Political Dysfunction and Strikes: The Sad State of 21st-Century Britain
Tomorrow, junior doctors in England will embark on their second round of strike action, adding to the ever-growing list of examples of Britain’s chronic political dysfunction.
Junior doctors will stage a 96-hour strike in April as the dispute between the British Medical Association (BMA) and the Government continues.
Members of the union staged their first walkout in March, joining other NHS workers including nurses and ambulance workers in taking industrial action.
More than 250,000 appointments and operations are expected to be cancelled during the April walkout.
The strike will start at 7am on Tuesday 11 April and run until 7am on Saturday 15 April.
Almost 37,000 out of 47,692 eligible BMA members took part in the strike ballot, with 98 per cent voting in favour of walkouts.
Junior doctors who are members of the Hospital Consultants and Specialists Association will strike on the same days. This union, which represents about 600 junior doctors, accused the Government of refusing to drop pre-conditions for talks to resolve the dispute.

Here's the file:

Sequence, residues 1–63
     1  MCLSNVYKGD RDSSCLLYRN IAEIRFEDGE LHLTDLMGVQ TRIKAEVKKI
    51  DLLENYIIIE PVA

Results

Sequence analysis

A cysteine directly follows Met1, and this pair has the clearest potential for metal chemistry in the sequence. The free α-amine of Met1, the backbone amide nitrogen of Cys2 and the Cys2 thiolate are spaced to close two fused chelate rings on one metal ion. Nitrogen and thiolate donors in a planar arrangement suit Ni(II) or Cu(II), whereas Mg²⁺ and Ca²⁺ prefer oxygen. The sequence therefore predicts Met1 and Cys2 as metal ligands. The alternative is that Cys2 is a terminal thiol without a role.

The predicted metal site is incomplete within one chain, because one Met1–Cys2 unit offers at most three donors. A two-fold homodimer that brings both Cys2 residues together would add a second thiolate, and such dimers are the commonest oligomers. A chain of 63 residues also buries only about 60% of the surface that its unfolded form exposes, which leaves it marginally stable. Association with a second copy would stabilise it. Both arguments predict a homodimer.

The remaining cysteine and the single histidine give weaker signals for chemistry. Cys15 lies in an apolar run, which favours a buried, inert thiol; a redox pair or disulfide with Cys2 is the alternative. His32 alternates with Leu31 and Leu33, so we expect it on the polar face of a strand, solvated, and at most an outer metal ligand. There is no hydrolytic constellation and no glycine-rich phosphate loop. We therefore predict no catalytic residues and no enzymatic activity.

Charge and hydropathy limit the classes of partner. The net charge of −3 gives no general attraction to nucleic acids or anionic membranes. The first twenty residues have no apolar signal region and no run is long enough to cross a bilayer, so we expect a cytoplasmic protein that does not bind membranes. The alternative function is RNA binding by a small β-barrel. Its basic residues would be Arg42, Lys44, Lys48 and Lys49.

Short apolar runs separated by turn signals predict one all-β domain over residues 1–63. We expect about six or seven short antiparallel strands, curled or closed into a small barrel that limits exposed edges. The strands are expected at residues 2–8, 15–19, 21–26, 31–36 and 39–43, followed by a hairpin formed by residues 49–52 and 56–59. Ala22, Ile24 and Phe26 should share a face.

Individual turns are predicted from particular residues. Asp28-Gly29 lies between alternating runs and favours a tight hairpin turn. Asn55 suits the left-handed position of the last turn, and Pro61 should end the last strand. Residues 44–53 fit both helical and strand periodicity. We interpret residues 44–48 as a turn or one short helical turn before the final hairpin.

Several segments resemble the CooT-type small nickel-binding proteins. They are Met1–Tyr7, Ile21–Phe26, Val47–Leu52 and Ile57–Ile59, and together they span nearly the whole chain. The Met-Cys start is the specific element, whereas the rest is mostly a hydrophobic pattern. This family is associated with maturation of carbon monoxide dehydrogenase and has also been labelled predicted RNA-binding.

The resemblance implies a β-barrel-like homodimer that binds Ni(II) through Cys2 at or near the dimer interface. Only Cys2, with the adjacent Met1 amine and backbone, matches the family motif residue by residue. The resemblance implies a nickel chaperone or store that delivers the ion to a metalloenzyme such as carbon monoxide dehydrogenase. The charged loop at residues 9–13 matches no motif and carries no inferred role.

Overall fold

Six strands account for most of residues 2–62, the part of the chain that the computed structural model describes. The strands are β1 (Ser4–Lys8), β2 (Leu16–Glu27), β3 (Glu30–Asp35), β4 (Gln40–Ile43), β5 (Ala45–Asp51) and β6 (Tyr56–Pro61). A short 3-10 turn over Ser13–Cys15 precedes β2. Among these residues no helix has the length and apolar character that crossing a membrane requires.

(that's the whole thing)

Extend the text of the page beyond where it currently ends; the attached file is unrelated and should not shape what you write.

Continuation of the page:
Senior health figures have warned that patients face 10 days of “distress and disruption” as a result of the walkouts.
It’s a tragedy that the National Health Service (NHS) has become a battleground in a political war that has been raging for decades. Both the government and the opposition are to blame, but it’s the people who depend on the NHS who bear the brunt of the consequences.
The NHS has long been a political football, with both parties more interested in scoring political points than finding a sustainable long-term solution. The result is a system that is strained, underfunded, and in dire need of reform.
But the NHS is just one example of the many challenges facing Britain. The country is deeply divided politically, economically, and socially. Brexit is still a pressing issue that the government is struggling to manage. Both the opposition and the government are weak and lack meaningful ideals or vision. The public is disillusioned with politics and the lack of representation they receive from their elected officials.
The junior doctors’ strike is just one example of this broader dysfunction, but it’s a stark reminder of what’s at stake. It’s a symptom of a much bigger problem that requires practical solutions. The NHS is a vital institution that needs protection and support. The government and the opposition need to put aside their differences and work together to find a sustainable solution that ensures decent wages for all NHS staff and the safety of patients.